The batch of Fechter-Goodrum 4.4a Zephyr boards I had made back in November sold out a few weeks ago, and I’m getting enquiries from people who missed out on them. Unfortunately, though, I’ve been a bit short on cash, so can’t afford the outlay to get a fresh batch made.
All is not lost though; I’ve come up with a way round the problem: I’ve set up a pre-order system to help fund the outlay to get a batch of the new, 4.4b boards made. If you want one, just pre-order through the link at the shop. Once I have 6 pre-orders, I can afford to order the batch. The pre-orders will not include shipping – that will be taken care of when the boards are available and ready to ship. If I don’t get enough orders to fund a new run then I just issue refunds to whoever did pre-order. Worst case scenario is some wasted time. [Update: 4.4b boards available here]
So what’s so different about the 4.4b boards, then? A change requested by Richard Fechter – involving the addition of a component – has been made to the board, and there have also been a number of cosmetic changes:
1) A TVS diode has been added to offer an extra layer of protection for those dealing with banks running at higher voltages, such as configurations of 32s and above
2) Square pads have been added for the 47K capacitors, to prevent further confusion about which way round they go
3) Holes have been added to enable jump-wires to be soldered to save on redundant wiring where the top cell of one bank meets the bottom cell of the next. This allows a 24-pin connector to used for a 24s circuit, and so on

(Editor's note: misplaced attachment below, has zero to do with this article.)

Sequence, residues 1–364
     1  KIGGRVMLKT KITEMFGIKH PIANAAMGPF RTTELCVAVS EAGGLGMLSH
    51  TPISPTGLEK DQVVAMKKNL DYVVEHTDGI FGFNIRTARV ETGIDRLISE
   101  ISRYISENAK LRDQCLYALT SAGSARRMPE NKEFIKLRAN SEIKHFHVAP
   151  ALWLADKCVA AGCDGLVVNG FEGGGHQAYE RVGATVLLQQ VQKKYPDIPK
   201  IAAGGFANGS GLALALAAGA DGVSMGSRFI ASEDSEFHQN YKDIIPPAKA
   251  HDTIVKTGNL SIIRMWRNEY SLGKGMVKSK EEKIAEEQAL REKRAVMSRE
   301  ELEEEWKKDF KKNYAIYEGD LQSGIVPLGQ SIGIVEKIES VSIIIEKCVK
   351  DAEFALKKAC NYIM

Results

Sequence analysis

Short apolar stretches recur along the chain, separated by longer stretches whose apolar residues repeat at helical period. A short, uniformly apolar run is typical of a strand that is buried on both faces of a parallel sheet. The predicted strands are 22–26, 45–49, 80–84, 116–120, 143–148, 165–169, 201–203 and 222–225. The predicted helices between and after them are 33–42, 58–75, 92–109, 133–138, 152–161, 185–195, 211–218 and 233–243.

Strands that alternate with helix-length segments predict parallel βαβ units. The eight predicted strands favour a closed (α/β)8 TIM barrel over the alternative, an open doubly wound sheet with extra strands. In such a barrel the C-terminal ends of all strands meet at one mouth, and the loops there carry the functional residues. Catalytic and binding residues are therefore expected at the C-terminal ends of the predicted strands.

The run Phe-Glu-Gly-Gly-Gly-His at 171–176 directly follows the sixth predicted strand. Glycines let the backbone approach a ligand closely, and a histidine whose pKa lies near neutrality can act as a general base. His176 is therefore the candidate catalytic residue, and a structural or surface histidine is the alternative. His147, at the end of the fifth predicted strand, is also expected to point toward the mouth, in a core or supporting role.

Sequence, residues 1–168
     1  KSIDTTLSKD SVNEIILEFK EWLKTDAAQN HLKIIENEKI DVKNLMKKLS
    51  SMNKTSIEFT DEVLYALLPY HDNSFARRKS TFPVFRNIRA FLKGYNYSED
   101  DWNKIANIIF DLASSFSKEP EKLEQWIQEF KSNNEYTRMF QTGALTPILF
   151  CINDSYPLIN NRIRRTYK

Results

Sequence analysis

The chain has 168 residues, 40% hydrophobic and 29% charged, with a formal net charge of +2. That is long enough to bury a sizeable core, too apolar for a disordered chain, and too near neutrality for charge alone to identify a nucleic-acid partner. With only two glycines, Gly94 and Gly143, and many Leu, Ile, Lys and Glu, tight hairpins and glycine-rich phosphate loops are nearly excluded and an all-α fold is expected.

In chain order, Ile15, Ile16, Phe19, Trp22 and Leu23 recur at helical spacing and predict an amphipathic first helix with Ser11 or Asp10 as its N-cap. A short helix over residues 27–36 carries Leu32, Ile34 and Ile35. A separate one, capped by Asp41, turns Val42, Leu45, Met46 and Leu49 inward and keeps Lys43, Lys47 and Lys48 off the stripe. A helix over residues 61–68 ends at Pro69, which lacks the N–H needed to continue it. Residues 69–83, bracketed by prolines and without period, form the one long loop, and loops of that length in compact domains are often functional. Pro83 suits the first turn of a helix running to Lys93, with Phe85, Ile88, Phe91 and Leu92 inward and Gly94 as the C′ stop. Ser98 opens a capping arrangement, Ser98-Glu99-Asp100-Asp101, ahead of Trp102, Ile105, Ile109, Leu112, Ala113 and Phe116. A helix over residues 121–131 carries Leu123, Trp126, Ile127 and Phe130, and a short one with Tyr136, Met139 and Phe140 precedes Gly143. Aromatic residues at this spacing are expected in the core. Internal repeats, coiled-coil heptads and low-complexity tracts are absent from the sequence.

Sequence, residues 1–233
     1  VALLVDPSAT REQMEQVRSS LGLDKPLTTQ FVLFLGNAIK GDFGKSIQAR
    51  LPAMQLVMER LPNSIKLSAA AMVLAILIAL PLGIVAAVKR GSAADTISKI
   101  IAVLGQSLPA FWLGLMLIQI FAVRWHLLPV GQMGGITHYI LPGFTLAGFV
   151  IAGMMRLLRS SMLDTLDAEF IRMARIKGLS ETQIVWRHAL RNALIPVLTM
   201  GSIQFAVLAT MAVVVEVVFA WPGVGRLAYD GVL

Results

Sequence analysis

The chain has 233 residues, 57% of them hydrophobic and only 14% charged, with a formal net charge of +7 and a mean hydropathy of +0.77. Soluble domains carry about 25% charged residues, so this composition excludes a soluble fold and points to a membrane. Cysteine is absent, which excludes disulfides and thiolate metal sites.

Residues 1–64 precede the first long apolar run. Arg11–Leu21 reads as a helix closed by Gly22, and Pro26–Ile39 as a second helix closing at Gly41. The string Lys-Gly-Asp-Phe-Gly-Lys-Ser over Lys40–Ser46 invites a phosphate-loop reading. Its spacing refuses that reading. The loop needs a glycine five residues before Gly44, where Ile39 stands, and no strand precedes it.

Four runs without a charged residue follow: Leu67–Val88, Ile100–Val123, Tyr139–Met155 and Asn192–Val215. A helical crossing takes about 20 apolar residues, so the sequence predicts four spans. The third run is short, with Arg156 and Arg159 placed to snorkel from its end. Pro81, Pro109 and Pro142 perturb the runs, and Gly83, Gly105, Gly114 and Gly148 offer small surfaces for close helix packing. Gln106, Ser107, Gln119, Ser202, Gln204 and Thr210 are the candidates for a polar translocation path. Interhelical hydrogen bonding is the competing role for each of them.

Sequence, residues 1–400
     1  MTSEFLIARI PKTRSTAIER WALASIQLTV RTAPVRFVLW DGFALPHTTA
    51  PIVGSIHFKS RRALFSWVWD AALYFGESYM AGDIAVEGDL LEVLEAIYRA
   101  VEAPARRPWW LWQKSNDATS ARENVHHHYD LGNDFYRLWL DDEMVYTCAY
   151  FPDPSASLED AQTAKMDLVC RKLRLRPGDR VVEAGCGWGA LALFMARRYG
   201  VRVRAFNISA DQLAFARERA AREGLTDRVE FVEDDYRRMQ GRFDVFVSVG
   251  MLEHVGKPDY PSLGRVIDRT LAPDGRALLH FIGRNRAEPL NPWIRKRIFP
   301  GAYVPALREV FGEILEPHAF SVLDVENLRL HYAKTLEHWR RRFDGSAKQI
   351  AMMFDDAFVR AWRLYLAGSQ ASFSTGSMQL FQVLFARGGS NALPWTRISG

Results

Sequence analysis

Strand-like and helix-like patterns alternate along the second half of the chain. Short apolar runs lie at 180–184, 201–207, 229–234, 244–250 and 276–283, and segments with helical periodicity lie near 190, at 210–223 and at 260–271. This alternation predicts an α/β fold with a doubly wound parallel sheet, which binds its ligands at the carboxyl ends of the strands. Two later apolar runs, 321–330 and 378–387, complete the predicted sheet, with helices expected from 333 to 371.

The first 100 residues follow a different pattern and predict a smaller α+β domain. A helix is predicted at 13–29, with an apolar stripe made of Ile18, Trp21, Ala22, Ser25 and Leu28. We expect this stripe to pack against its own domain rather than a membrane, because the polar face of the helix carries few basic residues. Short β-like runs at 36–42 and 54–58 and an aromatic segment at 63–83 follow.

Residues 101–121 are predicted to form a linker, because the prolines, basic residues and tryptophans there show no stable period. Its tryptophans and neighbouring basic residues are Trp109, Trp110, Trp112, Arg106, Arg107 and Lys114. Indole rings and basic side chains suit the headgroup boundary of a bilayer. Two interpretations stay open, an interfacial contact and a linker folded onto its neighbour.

4) The component labels and values have been tidied up and moved to the silkscreen layer, where they’re easier to read.
The upgraded control circuit on the 4.4b version of the board
For those of you with 4.4a boards who think you might need the diode modification, you can easily ‘patch’ your existing board by adding the component as described on this Endless Sphere post.
As for my bike, there’s been nothing much to report recently. The bike and pack continue to work fine, and I typically get 15-20 around-town miles before the LVC system (the on-board, Fechter-Goodrum one, no less) starts to trigger the red, warning LEDs that tell me it’s time for a charge. So little to go wrong with these bikes once you’ve got them figured out. I am still on the look-out for a more powerful hub-motor, though, but I’m still finding it hard to come by ones more powerful than the 1500W one I already have.
If I can get hold of a 2000W one, and confirm from the weight that it’s probably more powerful than the one I already have now, then I’ll give it a go and see if I can get more performance. Have a great summer!